6. Fear or Surprise

      Fear is usually indicated by wide open eyes not accompanied with a smile but often an “O” shaped mouth. Surprise on the other hand is also usually shown by wide open eyes along with a fleeting look. Additionally, the pupils will dilate if a person is frightened or excited due to the natural adrenalin response of the body.
       

    7. Focus

      When someone is focused on something, particularly a near object, the pupils will constrict. Alternatively, they will dilate when someone is looking at a far distance.

    These are only some of the non verbal emotions we express with our eyes. Next time you have a conversation, look out for these cues. They can help you really understand your friends, family, and colleagues and improve empathy and communication.

    9 Tips for Coping With Eye Allergy Season

    daisy 20glasses

    Spring is on the way. Soon the sun will be shining, the flowers blooming and allergy season will be upon us. If you have allergies, your eyes are often affected by the high pollen count along with other allergens floating in the fresh spring air. Tree pollens in April and May, grass pollens in June and July and mold spores and weed pollens in July and August add up to five months of eye-irritating allergens, leading to red, itchy, watery eyes, headache and sometimes fatigue.

    Here are some practical tips on how to keep your eyes happy as the seasons change.

    These are only a few steps you can take to make your eyes more comfortable. Remember to seek medical help from your eye care professional if symptoms persist or worsen.  Sometimes allergy medication or an antihistamine may be necessary for relief.

    1. Avoid rubbing your eyes as this intensifies the symptoms.
    2. One of the prime seasonal allergens that most disturbs eyes is pollen. Stay indoors when pollen counts are high, especially in the mid-morning and early evening.
    3. Wear sunglasses outside to protect your eyes, not only from UV rays, but also from allergens floating in the air.
    4. Check and clean your air conditioning filters.
    5. Use a humidifier or set out bowls of fresh water inside when using your air conditioning to help humidify the air and ensure that your eyes don’t dry out.
    6. Take a shower or bath to help maintain skin and eye moisture and improve your resistance to allergens.
    7. Allergy proof your home:

      • use dust-mite-proof covers on bedding and pillows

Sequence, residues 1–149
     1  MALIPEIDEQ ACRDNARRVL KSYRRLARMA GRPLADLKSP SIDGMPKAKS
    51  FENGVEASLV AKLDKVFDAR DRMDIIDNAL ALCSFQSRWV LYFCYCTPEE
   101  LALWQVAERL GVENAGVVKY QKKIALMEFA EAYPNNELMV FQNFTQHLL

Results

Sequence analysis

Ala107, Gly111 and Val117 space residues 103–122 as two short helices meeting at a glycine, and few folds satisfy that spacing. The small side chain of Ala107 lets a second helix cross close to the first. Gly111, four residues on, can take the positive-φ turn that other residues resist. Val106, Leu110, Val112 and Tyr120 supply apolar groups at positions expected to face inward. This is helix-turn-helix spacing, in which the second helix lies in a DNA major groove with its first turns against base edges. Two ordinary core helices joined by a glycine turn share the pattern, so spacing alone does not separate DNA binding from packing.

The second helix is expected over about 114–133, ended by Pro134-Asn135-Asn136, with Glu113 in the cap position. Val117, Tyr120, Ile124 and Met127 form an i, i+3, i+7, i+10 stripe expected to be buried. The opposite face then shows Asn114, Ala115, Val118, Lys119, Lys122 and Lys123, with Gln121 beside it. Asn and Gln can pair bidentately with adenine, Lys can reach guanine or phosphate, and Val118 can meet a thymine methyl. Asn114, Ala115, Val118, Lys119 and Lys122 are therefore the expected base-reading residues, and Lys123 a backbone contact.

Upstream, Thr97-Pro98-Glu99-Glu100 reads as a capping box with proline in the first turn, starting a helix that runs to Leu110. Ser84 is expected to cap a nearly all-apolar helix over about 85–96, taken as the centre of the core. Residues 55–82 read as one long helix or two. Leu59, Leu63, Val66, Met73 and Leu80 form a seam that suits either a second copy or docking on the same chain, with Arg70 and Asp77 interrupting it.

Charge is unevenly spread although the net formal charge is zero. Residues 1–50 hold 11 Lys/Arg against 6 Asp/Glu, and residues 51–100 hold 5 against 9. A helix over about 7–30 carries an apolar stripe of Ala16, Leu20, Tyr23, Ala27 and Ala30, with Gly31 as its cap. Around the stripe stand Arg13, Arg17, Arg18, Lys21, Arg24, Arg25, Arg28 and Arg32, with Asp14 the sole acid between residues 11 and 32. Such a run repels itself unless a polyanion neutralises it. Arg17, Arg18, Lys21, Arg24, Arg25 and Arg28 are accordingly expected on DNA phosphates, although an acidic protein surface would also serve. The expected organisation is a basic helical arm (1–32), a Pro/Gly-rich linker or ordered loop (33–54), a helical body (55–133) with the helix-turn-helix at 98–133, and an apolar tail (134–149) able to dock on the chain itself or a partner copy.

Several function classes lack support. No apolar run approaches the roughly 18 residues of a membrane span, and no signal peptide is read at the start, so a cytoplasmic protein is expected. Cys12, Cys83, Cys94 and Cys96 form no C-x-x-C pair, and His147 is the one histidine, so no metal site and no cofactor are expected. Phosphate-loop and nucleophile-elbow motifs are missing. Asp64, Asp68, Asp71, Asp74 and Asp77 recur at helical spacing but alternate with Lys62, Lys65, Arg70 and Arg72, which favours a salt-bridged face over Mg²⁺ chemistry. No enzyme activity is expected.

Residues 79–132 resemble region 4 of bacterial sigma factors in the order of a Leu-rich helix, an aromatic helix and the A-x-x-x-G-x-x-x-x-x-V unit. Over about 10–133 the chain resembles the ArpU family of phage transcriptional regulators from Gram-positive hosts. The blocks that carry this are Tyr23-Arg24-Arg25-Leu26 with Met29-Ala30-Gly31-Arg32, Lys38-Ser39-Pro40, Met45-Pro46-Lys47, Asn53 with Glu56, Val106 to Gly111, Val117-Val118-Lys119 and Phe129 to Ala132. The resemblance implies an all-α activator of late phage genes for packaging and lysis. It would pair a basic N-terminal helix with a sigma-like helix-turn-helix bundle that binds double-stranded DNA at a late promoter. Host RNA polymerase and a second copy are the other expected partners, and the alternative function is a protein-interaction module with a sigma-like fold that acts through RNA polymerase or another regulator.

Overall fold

• clean surfaces with a damp implement rather than dusting or dry sweeping
      • remove/ kill any mold in your home
      • keep pets outdoors if you have pet allergies.
    8. Remove contact lenses as soon as any symptoms appear.
    9. Use artificial tears to keep eyes moist.

    Here's a list of the most challenging places to live with eye allergies in the US: http://www.aafa.org/pdfs/FINAL_public_LIST_Spring_2014.pdf

    6 Things You Should Know about UV Radiation and Your Eyes

    baby 20in 20shades

    The heat of long summer days is nearly upon us. As the sun's rays intensify and people spend more time outdoors in the sunshine it is very important to be aware of the potential damage exposure to the sun can have on your eyes. May is UV Awareness month. Here are 6 things you should know about ultraviolet rays and how important it is to protect your eyes from the sun year round.

    1. Exposing your eyes to UV rays can harm your vision and cause a number of eye issues such as cataracts, corneal sunburn, macular degeneration, pterygium and skin cancer around the eyelids.
    2. Everyone, including children, is at risk for eye damage from UV radiation. Those who work or play in the sun, or are exposed to the sun for extended amounts of time are at the highest risk for damage to their eyes or vision from UV rays. At 20 years of age, the average person has received 80% of their life’s UV exposure. Children have more transparent lenses in their eyes and more sensitive skin on their bodies. As a result, they are at great risk of experiencing adverse effects of over-exposure to UV light. The effects of overexposure to UV light at a younger age may not show up until later in life with higher risk of cataracts and age related macular degeneration. This is why it is critical to effectively protect our eyes from the sun.